As we know after the first double action shot is fired, the remaining shots are fired in single action...that is with a cocked hammer. One may well call...and it has been done...one of these pistols a self cocking pistol.
In any case, in the early days a great deal was made of decocking. Specially so by the early SIG Sauer trainers (salesmen masquerading as shooting instructors) whose main adversary in the market was Smith and Wesson with its slide mounted safety/decocking levers.
The story that the decocking levers were so easy to miss, and then the weapon would rendered inoperative, coupled with Copper's "don't get caught with your dingus down" helped fuels the fire for the SIG-esque decocking levers. Down and up was the mantra...even with Smith & Wessons.
But as market-driven instructors pushed decocking ASAP, the lore of the DA pistol became one of "decock as soon as possible after firing". I am against that notion and never adhered to it.
Here is my mantra - "Do not be a premature decocker".
I recall when I "ran the walls" (an old SWAT term) with my team, my S&W 5906 would be cocked if I was using it. Hammer went back as soon as the breaching began. When we ran them with MP5s, the team all went on Full Auto with finger in register. And you know what....nothing bad ever happened.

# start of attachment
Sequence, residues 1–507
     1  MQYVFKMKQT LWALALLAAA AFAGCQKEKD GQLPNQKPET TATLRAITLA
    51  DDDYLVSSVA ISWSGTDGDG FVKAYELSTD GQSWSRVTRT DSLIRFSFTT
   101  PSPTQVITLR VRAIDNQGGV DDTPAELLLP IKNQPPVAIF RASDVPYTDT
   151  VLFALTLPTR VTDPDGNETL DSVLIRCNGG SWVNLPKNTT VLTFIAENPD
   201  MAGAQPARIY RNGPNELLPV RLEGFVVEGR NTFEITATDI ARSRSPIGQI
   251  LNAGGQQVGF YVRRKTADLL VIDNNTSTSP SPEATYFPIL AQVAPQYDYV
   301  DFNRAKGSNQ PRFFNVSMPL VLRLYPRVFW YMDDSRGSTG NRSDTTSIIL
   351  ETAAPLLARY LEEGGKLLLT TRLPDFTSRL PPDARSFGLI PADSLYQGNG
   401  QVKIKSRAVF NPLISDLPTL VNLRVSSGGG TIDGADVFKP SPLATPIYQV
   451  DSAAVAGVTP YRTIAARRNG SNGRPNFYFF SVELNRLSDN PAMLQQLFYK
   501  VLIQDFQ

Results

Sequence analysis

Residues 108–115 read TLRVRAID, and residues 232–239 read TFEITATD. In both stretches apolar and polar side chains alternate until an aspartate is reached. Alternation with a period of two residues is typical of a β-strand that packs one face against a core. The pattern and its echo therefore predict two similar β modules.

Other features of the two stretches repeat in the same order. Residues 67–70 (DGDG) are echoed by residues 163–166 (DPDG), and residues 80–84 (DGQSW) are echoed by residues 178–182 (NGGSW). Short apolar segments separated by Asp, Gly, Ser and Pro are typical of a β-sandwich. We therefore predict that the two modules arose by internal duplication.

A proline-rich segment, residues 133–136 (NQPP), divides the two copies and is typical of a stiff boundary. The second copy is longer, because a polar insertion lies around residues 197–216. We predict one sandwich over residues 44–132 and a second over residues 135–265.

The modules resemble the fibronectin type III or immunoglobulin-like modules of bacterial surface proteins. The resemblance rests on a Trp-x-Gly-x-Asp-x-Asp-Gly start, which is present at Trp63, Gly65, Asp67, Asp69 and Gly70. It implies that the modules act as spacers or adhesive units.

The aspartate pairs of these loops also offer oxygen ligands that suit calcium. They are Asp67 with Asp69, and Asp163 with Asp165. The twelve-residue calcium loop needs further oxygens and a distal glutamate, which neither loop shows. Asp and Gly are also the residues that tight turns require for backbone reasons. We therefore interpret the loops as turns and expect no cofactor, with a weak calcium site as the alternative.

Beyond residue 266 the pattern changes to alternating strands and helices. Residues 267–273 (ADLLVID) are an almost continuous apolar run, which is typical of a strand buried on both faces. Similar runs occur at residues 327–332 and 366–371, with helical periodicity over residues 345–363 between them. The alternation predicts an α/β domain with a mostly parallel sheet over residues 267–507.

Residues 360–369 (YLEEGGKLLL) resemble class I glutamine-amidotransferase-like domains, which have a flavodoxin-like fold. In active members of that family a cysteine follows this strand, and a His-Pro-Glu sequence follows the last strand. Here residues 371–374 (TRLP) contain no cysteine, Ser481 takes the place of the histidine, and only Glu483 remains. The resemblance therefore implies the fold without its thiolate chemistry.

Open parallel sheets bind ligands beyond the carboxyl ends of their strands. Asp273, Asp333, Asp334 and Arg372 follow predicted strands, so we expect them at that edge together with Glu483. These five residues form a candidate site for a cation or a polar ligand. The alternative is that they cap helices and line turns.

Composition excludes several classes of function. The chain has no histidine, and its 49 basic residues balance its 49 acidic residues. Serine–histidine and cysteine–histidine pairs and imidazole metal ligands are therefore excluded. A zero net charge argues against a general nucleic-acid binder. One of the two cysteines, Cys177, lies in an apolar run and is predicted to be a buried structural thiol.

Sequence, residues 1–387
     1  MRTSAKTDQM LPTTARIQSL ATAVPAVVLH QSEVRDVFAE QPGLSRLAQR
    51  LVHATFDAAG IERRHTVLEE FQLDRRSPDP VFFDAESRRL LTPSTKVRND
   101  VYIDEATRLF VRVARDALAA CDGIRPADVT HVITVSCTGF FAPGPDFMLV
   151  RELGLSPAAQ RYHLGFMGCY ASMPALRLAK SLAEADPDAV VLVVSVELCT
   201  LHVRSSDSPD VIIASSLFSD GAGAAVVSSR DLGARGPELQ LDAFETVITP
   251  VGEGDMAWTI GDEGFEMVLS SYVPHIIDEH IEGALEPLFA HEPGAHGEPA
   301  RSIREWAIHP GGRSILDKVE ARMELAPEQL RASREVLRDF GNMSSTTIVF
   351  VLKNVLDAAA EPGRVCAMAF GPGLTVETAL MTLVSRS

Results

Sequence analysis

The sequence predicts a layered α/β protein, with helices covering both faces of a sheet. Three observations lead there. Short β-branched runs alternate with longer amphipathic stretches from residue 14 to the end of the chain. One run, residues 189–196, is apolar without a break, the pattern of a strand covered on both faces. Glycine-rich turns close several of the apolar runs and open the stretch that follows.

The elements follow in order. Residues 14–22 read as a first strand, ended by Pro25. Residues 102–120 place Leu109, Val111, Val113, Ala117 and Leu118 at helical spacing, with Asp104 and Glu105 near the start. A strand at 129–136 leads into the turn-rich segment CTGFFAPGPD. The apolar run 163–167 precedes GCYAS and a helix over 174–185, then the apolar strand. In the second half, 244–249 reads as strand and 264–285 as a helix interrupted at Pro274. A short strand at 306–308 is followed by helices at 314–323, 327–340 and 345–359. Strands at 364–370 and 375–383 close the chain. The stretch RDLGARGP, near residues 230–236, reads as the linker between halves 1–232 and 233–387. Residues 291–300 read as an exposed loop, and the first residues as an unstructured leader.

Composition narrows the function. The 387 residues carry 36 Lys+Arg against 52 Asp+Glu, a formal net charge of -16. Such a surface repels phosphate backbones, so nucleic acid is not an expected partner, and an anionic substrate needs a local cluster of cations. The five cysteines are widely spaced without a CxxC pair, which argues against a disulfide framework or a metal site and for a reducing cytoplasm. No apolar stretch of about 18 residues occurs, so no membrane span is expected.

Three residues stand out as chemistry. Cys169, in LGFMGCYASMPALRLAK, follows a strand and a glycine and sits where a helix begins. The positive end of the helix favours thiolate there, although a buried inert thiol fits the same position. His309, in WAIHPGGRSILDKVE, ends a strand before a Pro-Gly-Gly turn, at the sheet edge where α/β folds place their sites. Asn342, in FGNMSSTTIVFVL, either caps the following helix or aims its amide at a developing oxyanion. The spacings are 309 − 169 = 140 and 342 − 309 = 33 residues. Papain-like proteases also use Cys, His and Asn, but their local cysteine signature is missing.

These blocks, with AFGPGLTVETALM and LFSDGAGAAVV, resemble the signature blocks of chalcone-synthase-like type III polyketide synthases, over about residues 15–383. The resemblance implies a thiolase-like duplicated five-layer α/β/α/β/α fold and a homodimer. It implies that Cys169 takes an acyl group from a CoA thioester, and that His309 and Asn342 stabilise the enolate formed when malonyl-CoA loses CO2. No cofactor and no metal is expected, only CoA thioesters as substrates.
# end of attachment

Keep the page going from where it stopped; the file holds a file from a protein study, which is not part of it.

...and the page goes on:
Some some "IFS"
If we agree that the trigger finger is the safety...and we either have it in register or on the trigger as needed.
If we agree that a single action shot is more accurate and easier to fire than a double action shot.
If we agree that the cocked DA/SA pistol is in essence the same as a striker fired pistol from an operational point of view...and that the striker fired pistol is just as safe as anything else.
Then we would agree that leaving the hammer cocked until the hostilities are over is a far better tactic than decocking the weapon due to a lack of self-trust.